Latest Score:

4.9/5

in 2019

score trend is flat over time
Weight: 10%

An invasive pest is an insect or disease that has been introduced from another country and causes extensive damage where it is introduced. Examples include emerald ash borer and Dutch elm disease, among many others. Most of our most problematic invasive pests originate from Europe and Asia because those locations have many tree species that are closely related to those found in Vermont. When an invasive pest is introduced to an area, native trees can succumb to serious damage because they have not evolved to develop chemical and physical defenses against them. To quantify the damage caused by invasive insects and diseases, we use Insect and Disease Surveys (IDS), which are annual aerial surveys of forests conducted by the State of Vermont and the USDA Forest Service to map forest disturbance, including damage caused by insects and diseases1. Here, we summed the total area mapped by pests that we could determine as invasive to Vermont. The current year is scored as the difference between the minimum and maximum (+10%) values in the record. Annual scores were computed as the deviation from the data target, scaled from 1-5.

1 USDA Forest Service. Forest Health Protection. https://www.fs.fed.us/foresthealth/applied-sciences/mapping-reporting/gis-spatial-analysis/detection-surveys.shtml

Invasive pests pose a unique problem to native forests by attacking species that have few defenses against them. Historically, these have caused the decline of some species in the region (e.g., American chestnut, American elm). We see this occurring at present with emerald ash borer (EAB) in many states throughout the country. The data presented here are from aerial detection surveys (ADS) conducted by the Vermont Division of Forestry and the USDA Forest Service, and it is expected that as EAB continues to be detected in the state, the acres of forest affected by the insect will increase in the coming years. Here, we summed the total area mapped by pests that we could determine as invasive to Vermont. The current year is scored as the difference between the minimum and maximum (+10%) values in the record. Annual scores were computed as the deviation from the data target, scaled from 1-5.

Interpretation provided by:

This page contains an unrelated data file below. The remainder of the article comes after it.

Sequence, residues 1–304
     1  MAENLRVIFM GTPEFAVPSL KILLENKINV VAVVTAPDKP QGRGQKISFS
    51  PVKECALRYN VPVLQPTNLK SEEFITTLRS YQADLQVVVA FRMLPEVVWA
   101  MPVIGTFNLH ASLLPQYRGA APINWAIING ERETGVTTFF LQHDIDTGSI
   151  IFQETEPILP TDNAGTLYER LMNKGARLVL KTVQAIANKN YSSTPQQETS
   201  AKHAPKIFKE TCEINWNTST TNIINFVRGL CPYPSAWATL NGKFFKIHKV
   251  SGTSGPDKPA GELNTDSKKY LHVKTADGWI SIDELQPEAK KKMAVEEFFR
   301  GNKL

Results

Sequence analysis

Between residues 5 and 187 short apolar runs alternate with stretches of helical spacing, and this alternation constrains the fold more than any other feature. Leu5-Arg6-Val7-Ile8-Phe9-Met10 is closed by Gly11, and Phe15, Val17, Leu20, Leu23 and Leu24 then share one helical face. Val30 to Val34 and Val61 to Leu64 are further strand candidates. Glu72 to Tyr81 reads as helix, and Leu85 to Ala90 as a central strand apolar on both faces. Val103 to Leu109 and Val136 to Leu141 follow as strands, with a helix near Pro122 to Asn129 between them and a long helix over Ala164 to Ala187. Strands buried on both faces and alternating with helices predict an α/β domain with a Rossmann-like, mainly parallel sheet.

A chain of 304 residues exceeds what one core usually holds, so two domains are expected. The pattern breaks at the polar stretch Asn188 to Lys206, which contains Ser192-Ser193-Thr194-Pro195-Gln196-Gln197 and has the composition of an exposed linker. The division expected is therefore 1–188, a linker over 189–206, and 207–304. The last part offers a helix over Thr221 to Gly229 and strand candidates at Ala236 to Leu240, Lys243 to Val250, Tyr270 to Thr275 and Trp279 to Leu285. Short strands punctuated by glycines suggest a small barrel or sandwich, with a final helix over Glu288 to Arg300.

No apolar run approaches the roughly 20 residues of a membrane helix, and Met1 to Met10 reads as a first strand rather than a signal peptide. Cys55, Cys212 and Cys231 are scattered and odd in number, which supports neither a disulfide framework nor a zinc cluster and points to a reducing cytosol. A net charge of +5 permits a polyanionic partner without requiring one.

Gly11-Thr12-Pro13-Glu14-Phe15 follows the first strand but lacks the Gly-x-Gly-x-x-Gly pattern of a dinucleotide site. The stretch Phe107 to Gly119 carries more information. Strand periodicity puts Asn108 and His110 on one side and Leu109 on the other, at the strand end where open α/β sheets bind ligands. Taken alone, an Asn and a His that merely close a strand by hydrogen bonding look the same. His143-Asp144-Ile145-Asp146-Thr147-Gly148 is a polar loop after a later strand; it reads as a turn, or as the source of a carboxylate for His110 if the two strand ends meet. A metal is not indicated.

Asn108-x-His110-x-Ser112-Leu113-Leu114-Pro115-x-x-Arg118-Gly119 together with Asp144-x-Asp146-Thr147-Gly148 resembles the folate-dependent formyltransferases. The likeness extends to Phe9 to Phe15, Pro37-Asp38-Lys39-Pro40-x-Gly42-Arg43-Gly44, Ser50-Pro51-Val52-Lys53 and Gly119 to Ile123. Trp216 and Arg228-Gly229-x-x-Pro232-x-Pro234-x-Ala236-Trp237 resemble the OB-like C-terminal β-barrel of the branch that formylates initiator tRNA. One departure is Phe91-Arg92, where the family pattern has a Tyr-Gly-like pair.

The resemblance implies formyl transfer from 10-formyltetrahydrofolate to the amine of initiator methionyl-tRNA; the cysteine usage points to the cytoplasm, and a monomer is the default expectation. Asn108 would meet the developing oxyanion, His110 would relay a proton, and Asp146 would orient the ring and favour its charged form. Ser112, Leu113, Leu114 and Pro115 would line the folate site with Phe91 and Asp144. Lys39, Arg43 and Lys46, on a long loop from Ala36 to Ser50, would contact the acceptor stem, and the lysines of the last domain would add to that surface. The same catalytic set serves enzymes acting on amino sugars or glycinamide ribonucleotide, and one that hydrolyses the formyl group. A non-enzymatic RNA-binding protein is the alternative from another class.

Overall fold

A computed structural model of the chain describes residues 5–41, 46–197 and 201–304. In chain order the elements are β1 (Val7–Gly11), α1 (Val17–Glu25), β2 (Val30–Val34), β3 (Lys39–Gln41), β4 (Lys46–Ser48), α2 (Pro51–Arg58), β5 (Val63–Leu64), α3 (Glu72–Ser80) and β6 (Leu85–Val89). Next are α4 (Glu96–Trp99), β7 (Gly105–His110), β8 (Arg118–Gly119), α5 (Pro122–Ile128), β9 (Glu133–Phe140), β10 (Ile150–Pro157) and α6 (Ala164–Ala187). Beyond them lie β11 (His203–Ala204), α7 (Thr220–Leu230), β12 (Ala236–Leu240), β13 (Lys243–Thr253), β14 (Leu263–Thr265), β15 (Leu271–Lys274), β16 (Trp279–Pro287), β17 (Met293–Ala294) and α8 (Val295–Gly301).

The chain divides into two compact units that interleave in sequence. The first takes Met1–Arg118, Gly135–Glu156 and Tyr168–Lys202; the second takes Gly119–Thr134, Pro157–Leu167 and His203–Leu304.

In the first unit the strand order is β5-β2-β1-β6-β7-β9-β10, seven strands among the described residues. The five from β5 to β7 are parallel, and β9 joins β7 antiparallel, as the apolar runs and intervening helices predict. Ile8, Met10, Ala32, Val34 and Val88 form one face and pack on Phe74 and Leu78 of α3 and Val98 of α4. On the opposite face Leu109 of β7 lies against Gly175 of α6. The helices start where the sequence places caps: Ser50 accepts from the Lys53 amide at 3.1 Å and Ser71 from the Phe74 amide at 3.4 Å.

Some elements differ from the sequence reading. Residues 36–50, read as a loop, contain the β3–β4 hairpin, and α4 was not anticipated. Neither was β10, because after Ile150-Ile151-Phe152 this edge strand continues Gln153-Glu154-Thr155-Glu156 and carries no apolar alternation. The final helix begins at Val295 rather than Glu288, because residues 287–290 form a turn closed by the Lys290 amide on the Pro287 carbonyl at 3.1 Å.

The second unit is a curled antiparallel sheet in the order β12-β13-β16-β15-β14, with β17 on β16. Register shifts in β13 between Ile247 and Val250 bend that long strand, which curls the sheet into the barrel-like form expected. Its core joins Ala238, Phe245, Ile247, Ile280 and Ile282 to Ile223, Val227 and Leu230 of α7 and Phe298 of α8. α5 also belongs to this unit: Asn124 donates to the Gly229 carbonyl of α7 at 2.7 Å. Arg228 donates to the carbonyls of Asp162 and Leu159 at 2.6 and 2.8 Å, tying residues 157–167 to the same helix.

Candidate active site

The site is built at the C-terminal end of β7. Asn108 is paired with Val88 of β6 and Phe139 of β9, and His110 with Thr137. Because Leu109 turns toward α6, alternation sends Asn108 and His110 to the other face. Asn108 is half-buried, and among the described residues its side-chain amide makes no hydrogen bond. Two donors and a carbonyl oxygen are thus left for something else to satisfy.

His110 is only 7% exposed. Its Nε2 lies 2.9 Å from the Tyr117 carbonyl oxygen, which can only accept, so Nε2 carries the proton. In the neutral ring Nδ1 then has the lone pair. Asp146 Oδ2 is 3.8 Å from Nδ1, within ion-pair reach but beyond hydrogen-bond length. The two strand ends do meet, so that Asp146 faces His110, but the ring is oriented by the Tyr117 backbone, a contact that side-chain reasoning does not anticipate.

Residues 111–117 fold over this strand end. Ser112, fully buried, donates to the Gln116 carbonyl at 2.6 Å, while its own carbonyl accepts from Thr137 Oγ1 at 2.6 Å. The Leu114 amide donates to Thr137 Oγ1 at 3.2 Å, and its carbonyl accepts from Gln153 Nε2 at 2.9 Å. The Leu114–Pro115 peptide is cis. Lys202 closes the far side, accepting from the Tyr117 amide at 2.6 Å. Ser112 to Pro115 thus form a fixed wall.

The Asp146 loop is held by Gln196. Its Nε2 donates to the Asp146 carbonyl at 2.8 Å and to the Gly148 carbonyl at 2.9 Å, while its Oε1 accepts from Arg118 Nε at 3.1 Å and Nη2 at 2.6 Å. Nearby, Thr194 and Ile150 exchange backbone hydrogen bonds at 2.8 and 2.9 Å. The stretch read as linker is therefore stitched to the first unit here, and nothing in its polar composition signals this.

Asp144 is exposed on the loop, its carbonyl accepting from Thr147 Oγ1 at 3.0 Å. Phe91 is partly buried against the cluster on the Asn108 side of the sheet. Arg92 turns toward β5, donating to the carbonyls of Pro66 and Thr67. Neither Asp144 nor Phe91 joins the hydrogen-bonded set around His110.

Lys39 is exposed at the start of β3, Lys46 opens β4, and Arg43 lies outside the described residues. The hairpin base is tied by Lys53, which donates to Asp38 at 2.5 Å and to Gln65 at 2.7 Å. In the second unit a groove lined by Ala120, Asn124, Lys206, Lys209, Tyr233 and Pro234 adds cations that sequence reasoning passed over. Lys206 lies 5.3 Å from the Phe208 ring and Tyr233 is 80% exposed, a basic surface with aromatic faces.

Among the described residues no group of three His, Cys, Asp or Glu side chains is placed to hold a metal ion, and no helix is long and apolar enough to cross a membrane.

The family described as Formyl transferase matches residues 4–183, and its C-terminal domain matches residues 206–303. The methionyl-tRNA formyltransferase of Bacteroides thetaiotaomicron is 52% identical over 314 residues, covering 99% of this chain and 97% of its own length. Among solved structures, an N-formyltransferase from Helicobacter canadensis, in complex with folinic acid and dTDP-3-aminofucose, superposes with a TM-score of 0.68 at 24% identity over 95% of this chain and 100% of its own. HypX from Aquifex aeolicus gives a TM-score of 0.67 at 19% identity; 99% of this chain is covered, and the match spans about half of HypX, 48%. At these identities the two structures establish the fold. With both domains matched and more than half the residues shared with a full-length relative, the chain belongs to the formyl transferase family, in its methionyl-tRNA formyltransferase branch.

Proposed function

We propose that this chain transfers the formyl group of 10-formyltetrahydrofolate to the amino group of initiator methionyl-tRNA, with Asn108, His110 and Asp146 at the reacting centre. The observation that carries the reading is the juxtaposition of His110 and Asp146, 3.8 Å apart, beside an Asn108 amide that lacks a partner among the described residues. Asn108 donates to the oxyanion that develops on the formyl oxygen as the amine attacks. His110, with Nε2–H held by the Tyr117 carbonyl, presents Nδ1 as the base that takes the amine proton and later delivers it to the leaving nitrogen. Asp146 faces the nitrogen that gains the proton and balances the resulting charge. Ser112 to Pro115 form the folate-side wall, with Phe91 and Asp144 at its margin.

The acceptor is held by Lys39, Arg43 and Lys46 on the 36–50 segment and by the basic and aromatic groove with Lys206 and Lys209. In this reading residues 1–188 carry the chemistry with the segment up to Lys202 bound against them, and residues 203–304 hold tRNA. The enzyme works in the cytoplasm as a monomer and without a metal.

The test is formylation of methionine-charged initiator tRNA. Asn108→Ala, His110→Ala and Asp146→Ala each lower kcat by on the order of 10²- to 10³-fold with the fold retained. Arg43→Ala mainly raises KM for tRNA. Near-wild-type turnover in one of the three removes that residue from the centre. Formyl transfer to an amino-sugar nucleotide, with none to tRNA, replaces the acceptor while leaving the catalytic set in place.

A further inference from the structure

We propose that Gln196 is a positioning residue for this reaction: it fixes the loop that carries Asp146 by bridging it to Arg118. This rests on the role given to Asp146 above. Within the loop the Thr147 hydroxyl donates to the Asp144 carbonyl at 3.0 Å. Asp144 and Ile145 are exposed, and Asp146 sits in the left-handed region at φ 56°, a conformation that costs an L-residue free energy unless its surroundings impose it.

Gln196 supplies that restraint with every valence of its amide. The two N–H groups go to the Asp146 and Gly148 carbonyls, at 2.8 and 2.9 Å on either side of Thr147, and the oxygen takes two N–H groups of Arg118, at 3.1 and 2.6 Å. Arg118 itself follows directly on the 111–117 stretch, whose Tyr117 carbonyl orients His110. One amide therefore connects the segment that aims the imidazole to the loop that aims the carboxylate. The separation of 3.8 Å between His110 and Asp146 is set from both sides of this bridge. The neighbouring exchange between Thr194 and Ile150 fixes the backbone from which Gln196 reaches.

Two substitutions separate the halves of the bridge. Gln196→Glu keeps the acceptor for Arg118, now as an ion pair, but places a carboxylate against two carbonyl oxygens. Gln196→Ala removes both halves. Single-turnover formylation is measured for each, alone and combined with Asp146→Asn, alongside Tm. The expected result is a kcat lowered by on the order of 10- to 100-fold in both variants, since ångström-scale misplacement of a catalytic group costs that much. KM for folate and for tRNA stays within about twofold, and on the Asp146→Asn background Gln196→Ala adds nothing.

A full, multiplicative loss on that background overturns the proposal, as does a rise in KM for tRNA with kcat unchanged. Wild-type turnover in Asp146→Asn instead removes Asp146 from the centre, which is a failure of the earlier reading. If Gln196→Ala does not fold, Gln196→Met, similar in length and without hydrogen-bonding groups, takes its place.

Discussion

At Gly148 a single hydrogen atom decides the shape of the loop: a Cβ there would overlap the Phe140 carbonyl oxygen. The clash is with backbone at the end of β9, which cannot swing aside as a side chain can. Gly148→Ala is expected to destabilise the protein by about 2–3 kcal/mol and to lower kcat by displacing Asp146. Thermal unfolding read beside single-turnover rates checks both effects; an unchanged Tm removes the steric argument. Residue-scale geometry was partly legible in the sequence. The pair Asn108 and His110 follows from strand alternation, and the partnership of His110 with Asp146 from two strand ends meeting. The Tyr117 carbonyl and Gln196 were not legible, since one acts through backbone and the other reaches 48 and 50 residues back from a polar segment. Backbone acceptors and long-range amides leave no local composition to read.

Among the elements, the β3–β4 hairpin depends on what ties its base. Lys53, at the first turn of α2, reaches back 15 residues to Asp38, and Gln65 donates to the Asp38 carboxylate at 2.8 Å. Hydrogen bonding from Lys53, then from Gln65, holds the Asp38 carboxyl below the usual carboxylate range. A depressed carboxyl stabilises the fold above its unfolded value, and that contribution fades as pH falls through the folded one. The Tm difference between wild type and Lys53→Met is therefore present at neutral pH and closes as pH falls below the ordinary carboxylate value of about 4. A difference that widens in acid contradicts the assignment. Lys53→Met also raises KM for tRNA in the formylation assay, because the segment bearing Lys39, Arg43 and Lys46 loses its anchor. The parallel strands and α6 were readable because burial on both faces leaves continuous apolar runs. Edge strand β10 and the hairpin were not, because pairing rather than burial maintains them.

Josh Halman, Forest Health Specialist; Vermont Department of Forests, Parks and Recreation (2020)

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The score is calculated using a target value and the historical range of the the entire long-term dataset. The higher the score, the closer this year's value is to the target.

Once the score is computed for each year, the trend in scores over time is calculated. If the trend is significantly positive or negative, the long-term trend is marked as increasing or decreasing respectively.

Component Description
Scored as

Distance between target and maximum (scaled 1-5)

Target value

Lower

Directionality of scores

Lower values in the data are better.

Minimum value used in scoring

Data minimum - 10% of range

Maximum value used in scoring

Data maximum + 10% of range

To quantify the damage caused by invasive insects and diseases, we use Insect and Disease Surveys (IDS), which are annual aerial surveys of forests conducted by the State of Vermont and the USDA Forest Service to map forest disturbance1. Here, we summed the total area mapped by pests that we could determine as invasive to Vermont. The target was set as the lowest possible acreage, and the current year is scored for where it falls between the target and the upper scoring bounds (maximum value in the dataset + 10% of the range), scaled to be between 1 and 5.

1 USDA Forest Service. Forest Health Protection. Available at: https://www.fs.fed.us/foresthealth/applied-sciences/mapping-reporting/detection-surveys.shtml

STRESSORS INDICATORS